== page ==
This summary might suggest that Grant has provided a comprehensive treatment of one of the less well-known periods of Roman history, a valuable introduction for the specialist in other branches of the Classics, the student, and the educated general reader alike. In fact he satisfies the needs of none of these, and the book must unhesitatingly be pronounced a failure. The fault lies above all in its scale. The main text, including the epilogue and appendix, runs to only 90 pages, to which are subjoined 13 pages of notes. A book as brief as this, which ranges at the same time over a variety of topics, allows no scope for serious historical analysis. Some themes are properly emphasized: the importance of Septimius' army reforms, for instance, or the centrality of the fiscus in the politics of the period. But there is little argument and still less problematization of Severan history; what we get is a sketch, attempting to present a multiplex view of a forty-year phase in the life of the Roman Empire in impossible compass.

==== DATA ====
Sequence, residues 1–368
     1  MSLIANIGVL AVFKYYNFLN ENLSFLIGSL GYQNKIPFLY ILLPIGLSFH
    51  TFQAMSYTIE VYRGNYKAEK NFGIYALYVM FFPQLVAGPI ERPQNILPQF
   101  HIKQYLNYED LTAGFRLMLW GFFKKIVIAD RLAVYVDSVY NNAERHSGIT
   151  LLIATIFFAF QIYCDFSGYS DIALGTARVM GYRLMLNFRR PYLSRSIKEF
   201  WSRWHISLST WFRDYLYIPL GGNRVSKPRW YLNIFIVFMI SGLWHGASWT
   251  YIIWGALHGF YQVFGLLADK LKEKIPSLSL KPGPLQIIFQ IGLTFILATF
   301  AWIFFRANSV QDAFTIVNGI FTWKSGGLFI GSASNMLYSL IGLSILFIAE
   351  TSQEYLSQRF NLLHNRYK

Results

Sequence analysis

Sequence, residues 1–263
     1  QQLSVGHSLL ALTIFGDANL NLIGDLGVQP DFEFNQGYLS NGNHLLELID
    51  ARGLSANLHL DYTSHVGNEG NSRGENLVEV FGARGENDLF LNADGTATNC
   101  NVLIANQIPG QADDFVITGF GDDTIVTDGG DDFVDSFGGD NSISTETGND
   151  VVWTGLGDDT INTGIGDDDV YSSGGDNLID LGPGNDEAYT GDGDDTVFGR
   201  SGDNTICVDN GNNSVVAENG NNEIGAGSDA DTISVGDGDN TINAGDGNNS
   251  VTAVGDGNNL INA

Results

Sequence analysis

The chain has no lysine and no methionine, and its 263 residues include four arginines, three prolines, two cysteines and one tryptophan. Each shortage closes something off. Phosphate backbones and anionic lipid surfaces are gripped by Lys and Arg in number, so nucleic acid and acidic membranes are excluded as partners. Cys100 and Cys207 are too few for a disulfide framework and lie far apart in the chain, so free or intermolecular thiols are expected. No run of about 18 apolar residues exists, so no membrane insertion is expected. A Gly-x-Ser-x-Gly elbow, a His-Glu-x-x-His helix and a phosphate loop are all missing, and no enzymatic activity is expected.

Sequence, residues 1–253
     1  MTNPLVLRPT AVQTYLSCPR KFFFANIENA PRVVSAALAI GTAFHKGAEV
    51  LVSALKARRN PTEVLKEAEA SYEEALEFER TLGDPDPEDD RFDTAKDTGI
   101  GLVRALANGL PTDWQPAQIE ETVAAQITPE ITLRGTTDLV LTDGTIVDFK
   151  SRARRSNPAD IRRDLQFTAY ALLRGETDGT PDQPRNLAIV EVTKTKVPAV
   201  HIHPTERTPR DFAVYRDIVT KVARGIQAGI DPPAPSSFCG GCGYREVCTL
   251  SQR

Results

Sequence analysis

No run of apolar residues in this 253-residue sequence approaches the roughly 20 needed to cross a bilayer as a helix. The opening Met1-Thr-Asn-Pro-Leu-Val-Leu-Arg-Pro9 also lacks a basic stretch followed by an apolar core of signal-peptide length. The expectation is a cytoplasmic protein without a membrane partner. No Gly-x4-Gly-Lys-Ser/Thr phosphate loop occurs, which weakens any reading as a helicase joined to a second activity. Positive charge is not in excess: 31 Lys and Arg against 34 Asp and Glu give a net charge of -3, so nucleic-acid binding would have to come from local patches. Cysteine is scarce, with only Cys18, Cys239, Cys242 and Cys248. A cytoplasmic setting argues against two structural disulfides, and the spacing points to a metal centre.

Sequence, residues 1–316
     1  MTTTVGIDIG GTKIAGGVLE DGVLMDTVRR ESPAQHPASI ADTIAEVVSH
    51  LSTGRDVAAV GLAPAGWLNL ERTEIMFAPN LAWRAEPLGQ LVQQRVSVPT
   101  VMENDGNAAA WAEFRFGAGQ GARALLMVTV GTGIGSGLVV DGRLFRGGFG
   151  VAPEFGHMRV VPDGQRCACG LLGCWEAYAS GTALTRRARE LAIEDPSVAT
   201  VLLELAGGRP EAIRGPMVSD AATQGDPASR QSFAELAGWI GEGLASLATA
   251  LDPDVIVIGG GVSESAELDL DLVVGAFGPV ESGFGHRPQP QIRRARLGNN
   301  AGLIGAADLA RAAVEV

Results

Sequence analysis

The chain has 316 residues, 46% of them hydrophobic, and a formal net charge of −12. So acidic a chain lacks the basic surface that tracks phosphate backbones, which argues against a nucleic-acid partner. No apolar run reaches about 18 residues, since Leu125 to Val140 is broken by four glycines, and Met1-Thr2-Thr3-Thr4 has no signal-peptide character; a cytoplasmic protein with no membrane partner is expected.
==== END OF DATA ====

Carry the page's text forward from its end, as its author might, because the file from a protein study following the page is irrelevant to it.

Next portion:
The sense of superficiality and fragmentation which results is compounded by the slapdash manner of composition. No care or trouble has gone into this book. In parts Grant has shamelessly pillaged his earlier publications and those of others for passages of text chosen not for some especially happy formulation or striking phrase, or because they offer an effective way in to discussion of a particular issue, but because they save him time and effort. Over half of the longest chapter, on art and architecture (pp. 60-73) is made up of such quotations, two of them unencumbered by references. The following chapter, which also makes use of this technique, is even more disjointed. It is plain that the book has been dashed off with the scantest regard for style or flow; I should not be surprised to learn that it had been written by dictaphone and printed unrevised, which would explain (for example) the appearance within eleven lines of the sentences 'The new emperor was the son of Julia Soaemias, Varius Avitus Bassianus, commonly known as Elagabalus' and 'The 14-year-old son of [Julia Maesa's] daughter Julia Soaemias, whom we know as Elagabalus ...' (p. 24), or the atrociously constructed 'The sculptors are Asian, and there is also evidence of African influence, since Lepcis Magna was in Africa and Septimius came from Africa and Lepcis, so that we see depictions of the African gods Hercules and Bacchus' (p. 69, on the Arch of Septimius at Lepcis). An enthusiastic editor with a box of blue pencils would have spared the author some blushes, and might at the same time have picked up slips of other kinds, such as the reference to the temple of Terra Mater 'taking place' (plate 9) or the glossing of a comment on the Jews under Septimius (p. 80) with the note 'Caracalla's wet-nurse was said to have been a Christian' (p. 105 n. 18; nn. 18 and 19 have presumably been transposed).